July 5, 2014 in Opinion

Monuments nurture our inner well-being

The Rev. W. Thomas Soeldner
 

July Fourth brings fireworks, barbecues, and an opportunity to enjoy sunny trails, refreshing rivers and sparkling lakes. As a hiker, outdoorsman and retired pastor, I am committed to protecting the wild and scenic places in the natural world found in our national monuments.

America’s national monuments, which here in Washington include a stretch of the Columbia River at Hanford Reach near the Tri-Cities, historical trails in the San Juan Islands and Mount St. Helens, are places where we can unwind from daily stresses and reconnect with ourselves, each other and our deepest values.

As we celebrate what is good in our country this Independence Day weekend, I am grateful to President Barack Obama for recently designating Organ Mountains-Desert Peaks National Monument in New Mexico, and for proposing an expansion of the Pacific Remote Islands Marine National Monument originally created by President George W. Bush.

Sixteen U.S. presidents – eight Republican, eight Democrat – have named national monuments under the Antiquities Act, a law that allows the president to protect iconic wild and scenic places for future generations. These are places where the distractions of our daily life are minimal and opportunities for connecting with the heart of all life abound.

In our plugged-in world, disturbances are constant. A 24/7 lifestyle keeps us from recognizing the brevity of our time on earth. The chance to experience wilderness, historic sites and pleasant recreation on public lands allows us to focus on things that really matter, things that endure: our spiritual journey, connection to ourselves and connection to the land, water and air that sustain us.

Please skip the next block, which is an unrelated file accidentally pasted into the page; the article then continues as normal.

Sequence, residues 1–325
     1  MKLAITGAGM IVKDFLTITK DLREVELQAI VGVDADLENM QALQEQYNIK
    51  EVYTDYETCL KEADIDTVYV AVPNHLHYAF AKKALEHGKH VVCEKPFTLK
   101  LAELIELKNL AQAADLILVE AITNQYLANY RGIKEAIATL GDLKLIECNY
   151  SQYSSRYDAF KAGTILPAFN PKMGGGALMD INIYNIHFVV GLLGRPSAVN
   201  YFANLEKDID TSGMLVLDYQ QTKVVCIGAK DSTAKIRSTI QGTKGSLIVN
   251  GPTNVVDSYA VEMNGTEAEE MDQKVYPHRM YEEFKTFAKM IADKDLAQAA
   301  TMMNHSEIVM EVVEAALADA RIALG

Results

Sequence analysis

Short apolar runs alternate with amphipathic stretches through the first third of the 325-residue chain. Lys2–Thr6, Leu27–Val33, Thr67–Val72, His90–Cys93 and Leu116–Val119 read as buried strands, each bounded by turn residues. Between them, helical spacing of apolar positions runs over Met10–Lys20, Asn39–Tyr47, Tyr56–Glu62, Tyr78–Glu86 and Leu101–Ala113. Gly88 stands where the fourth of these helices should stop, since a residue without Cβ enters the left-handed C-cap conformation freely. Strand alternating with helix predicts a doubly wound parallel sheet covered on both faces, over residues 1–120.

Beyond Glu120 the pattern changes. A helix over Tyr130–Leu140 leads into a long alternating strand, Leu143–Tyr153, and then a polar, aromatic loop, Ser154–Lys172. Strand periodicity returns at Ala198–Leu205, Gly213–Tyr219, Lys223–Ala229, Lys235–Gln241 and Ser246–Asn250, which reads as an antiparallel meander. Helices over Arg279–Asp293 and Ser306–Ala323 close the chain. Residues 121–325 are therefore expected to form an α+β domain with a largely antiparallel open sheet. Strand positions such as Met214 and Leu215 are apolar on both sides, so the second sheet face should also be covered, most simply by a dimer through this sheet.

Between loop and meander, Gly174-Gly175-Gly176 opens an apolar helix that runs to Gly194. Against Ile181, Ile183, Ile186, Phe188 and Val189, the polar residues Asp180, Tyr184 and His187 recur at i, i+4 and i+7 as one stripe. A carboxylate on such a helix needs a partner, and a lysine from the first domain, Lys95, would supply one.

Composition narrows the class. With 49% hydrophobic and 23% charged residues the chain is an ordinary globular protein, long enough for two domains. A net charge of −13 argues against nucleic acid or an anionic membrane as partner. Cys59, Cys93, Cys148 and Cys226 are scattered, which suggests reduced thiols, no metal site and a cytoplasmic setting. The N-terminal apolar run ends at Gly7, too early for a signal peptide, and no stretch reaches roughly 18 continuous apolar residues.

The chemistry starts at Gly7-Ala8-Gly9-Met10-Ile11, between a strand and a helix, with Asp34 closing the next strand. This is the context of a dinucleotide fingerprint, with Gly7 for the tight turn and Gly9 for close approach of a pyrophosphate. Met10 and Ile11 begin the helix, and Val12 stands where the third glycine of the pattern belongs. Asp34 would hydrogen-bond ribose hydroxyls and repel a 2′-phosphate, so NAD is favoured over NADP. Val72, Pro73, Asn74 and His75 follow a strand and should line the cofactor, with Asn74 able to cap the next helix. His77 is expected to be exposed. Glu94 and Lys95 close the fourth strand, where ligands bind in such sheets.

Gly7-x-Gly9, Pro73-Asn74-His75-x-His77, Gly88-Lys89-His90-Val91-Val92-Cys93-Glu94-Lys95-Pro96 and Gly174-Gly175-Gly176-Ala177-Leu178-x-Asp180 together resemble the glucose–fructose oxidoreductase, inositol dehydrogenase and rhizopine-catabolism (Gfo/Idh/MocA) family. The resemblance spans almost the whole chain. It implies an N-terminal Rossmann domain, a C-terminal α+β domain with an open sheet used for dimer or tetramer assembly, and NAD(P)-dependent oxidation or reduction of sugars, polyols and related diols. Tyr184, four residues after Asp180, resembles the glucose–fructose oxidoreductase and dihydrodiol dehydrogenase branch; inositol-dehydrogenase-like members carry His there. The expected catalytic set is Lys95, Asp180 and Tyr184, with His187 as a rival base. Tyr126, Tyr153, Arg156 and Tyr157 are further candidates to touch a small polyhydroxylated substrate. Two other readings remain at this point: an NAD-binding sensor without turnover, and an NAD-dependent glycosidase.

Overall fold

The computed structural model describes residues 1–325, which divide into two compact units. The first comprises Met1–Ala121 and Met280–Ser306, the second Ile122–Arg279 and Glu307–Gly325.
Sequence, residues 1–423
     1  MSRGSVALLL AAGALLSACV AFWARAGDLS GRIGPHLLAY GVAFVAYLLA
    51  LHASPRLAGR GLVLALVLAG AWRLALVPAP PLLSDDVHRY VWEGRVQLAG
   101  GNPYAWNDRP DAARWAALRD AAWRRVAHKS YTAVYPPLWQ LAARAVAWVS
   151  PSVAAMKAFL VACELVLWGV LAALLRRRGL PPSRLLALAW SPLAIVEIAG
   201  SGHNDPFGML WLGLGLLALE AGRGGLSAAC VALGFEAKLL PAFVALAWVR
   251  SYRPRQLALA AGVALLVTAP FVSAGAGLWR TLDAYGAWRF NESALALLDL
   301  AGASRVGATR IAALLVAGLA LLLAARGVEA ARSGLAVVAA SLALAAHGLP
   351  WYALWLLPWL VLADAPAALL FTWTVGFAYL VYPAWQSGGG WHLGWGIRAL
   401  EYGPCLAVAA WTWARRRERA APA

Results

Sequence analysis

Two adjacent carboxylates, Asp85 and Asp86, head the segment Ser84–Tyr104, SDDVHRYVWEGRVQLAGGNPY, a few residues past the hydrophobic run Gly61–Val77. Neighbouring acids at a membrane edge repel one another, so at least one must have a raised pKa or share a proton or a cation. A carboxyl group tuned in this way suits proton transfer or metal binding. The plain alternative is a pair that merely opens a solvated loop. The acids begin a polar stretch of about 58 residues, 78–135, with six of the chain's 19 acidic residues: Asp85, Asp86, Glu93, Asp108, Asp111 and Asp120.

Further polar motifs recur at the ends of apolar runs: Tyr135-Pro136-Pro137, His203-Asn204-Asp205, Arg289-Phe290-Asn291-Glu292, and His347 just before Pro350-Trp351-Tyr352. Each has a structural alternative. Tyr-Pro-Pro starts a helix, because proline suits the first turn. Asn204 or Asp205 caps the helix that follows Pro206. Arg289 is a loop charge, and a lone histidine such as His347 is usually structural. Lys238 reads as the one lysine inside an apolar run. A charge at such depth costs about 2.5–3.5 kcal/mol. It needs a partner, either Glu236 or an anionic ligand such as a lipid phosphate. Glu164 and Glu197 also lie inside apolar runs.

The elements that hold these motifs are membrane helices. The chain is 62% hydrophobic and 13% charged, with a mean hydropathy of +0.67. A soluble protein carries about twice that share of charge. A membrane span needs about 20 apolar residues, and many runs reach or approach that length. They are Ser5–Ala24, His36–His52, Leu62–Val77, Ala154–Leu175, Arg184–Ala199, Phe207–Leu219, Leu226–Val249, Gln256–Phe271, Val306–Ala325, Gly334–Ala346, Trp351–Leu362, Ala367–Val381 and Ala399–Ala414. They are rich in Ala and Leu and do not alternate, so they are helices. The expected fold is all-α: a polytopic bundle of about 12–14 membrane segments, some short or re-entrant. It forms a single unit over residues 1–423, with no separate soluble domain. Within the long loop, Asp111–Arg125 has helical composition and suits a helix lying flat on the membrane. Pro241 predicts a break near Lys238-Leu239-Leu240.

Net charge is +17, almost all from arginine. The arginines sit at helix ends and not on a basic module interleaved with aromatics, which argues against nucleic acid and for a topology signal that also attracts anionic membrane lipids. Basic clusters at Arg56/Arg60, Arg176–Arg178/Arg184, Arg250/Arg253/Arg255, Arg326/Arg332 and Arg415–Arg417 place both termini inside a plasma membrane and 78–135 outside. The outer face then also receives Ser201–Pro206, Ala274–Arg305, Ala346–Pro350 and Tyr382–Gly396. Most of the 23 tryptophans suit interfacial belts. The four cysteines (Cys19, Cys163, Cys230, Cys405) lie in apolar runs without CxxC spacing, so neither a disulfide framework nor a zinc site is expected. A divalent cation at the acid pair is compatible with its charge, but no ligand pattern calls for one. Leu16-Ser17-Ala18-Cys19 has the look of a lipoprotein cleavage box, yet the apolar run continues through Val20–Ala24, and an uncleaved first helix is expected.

I have served churches from the Olympic Peninsula to Spokane and have witnessed firsthand how preserving parks and recreation areas can nurture resilient spiritual values a healthy environment, and a productive tourism economy.

In recent years, many bills to weaken the Antiquities Act have been introduced in Congress. These attempts clearly are contrary to the American value of conservation and our search for a way of life that supports a sustainable economy and leaves our children with vibrant public lands and strong rural communities.

As a person of faith, I think our elected leaders have a moral responsibility to protect the natural sites that are unique to each region of the country. I commend Sen. Patty Murray for her leadership in opposing congressional blocks/attacks on the president’s authority to designate national monuments under the Antiquities Act, and I call on our entire Washington congressional delegation to stand with Murray and the American people in support of protecting public lands.

I have a photograph above my desk of some words of John Muir that I found inscribed on a plaque in the Saguaro National Park. It reminds me daily of my connection to the natural world: “I only went out for a walk and finally concluded to stay out till sundown, for going out, I found, was really going in.” Our national monuments protected under the Antiquities Act are uniquely important places where we are reminded of our essential spiritual connection to the land and to the ground of all being.

The Rev. W. Thomas Soeldner is a retired Lutheran pastor from Spokane.


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